Religion and utopianism


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Religion and utopianism

  1. 1. By Claire, Malachi, and Eli
  2. 2. Deism Unitarianism Reason rather than revelation  God exists in only one Science rather than the Bible person, rather than the orthodox Trinity. Rejected the concept of  Denied the deity of Jesus. original sin and denied  Stressed the goodness of Christ’s divinity human nature over vileness. Believed in a Supreme Being  Belief in free will and the who created the universe and possibility of salvation mankind. through good works Helped inspire an important  Pictured God as a loving spinoff of Puritanism... father rather than a stern creator.Unitarianism!
  3. 3.  A series of religious revivals swept through the country between 1790 and 1830. Traveling preachers and “camp meetings” led large numbers of people to convert through an enthusiastic style of preaching and audience participation. Many “saved” went back to their sinful ways, but the revivals boosted church membership and stimulated a variety of humanitarian reforms such as temperance (abstaining from consuming alcoholic drinks), abolition, and women’s rights. Evangelicalism was at the heart of the Second Great Awakening and it favored ordinary people over elites.
  4. 4. Methodists Peter Cartwright Stressed personal  Best known of the Methodist traveling preachers conversion (contrary to  Ranged for half a century predestination) from Tennessee to Relatively democratic Illinois, calling for sinners to repent. control of church affairs  Bellowing voice, flailing Rousing emotionalism arms: converted many people to the Lord  “With his fists he knocked out rowdies who tried to 1785 - 1872 break up the meetings.”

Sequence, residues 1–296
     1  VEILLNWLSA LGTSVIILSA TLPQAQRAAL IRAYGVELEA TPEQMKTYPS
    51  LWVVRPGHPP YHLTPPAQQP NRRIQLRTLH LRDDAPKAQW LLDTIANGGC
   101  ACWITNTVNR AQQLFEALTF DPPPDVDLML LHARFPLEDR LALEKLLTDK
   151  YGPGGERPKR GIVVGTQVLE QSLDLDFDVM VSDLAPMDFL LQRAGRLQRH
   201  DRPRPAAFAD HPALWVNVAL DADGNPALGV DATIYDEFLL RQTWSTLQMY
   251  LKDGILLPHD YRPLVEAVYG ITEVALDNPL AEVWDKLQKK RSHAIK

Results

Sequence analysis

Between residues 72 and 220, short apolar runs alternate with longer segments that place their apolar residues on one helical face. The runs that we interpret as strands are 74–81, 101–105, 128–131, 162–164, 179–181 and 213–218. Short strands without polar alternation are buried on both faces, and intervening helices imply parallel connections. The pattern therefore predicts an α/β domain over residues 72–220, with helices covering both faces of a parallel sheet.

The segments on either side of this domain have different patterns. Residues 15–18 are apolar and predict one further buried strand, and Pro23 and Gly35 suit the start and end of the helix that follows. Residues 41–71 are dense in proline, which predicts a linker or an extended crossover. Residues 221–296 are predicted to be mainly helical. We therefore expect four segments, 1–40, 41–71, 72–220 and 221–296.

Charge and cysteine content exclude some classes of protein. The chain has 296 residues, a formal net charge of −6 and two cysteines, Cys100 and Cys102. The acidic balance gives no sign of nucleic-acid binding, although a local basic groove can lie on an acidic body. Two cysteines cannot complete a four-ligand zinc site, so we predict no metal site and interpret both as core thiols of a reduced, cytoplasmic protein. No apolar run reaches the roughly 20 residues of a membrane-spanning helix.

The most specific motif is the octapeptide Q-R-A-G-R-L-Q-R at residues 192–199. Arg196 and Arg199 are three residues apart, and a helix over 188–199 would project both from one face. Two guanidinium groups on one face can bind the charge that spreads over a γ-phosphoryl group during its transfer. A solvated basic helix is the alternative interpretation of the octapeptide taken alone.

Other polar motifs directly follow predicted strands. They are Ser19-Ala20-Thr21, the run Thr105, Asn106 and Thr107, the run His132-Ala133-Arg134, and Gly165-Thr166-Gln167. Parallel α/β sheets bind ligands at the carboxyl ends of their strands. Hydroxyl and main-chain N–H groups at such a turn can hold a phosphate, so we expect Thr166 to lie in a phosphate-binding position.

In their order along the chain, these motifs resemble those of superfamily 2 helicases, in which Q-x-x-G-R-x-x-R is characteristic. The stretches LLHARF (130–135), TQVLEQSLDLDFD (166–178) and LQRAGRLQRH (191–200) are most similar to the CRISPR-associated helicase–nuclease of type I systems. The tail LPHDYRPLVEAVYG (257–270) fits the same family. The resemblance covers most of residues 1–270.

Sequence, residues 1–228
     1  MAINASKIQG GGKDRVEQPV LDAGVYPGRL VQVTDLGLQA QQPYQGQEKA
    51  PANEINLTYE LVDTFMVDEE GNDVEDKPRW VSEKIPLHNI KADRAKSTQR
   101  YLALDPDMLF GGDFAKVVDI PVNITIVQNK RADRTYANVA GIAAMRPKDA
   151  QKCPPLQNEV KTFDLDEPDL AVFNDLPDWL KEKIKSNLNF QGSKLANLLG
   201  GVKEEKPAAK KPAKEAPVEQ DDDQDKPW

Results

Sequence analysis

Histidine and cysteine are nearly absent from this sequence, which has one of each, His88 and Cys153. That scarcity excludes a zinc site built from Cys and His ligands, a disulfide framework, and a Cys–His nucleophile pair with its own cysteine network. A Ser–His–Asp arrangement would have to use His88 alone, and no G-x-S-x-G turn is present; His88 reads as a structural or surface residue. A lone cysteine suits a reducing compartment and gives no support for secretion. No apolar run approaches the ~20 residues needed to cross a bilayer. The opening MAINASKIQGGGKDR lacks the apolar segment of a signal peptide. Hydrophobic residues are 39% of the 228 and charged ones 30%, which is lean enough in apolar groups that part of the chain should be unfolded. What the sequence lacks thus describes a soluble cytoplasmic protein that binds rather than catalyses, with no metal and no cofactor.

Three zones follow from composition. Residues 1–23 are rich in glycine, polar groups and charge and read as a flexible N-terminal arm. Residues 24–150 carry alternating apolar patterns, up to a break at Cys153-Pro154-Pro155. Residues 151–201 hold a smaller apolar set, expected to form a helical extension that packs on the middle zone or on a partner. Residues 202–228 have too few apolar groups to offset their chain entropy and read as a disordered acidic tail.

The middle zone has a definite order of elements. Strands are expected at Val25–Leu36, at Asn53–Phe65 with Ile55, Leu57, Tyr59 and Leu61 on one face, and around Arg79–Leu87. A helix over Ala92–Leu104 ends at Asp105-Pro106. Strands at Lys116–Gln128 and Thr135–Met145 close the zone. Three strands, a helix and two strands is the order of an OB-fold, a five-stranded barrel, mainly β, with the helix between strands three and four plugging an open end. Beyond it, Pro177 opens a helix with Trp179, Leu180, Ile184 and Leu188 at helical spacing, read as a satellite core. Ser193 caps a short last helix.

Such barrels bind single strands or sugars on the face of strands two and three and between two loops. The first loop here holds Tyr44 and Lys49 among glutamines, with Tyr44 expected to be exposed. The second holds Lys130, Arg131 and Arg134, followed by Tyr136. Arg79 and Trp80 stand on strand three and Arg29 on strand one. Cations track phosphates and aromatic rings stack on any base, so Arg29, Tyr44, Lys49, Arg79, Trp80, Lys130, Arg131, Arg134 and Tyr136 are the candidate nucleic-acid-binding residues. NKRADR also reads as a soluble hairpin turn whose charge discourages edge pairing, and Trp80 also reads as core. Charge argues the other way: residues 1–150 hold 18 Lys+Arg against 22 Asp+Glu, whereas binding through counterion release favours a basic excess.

5. 5.  By 1770 black preachers had many of their own Baptist and Methodist Congregations. November 1787, white elders attempted to downgrade black worshippers a gallery at St. George’s Methodist Church in Philadelphia. That resulted in the founding of the black-governed Bethel Church, and in 1816, the African Methodist Episcopal Church (AME) was founded. Richard Allen was its first bishop. Black church membership was predominately female, even though men could only serve on the clergy. Women led home prayer meetings, and served on missionary and Sunday school boards. They were also permitted by the AME church to become traveling evangelists.
  6. 6.  Greatest of the revival preachers Burned-over District Trained as a lawyer but became  Refers to the religious scene in Western an New York which was “burned over” by religious revivals of the Second Great evangelist Awakening. Led massive revivals  Coined the term when used by Charles Preached old-time religion but Grandison Finney to refer to an area touched by the Second Great Awakening was also an innovator as a “burnt district.” Devised the “anxious bench” • Comes from the where repentant sinners could notion that the area was so sit in full view of the heavily evangelized congregation that there was no more Denounced alcohol and slavery “fuel” left to “burn” Became president of Oberlin aka, there was no one College in Ohio, which became a left to convert. hotbed of revivalist activity and abolitionism 1792 - 1875
  7. 7.  Millerites/Adventists were led by William Miller Mustered up several supporters Rose after the burned-over district in the 1830s Interpreted the bible to predict that Christ would return on Oct. 22 1844 Gathered in assemblies to meet their redeemer When Christ did not 1782 - 1849 come, dampened but did not destroy the movement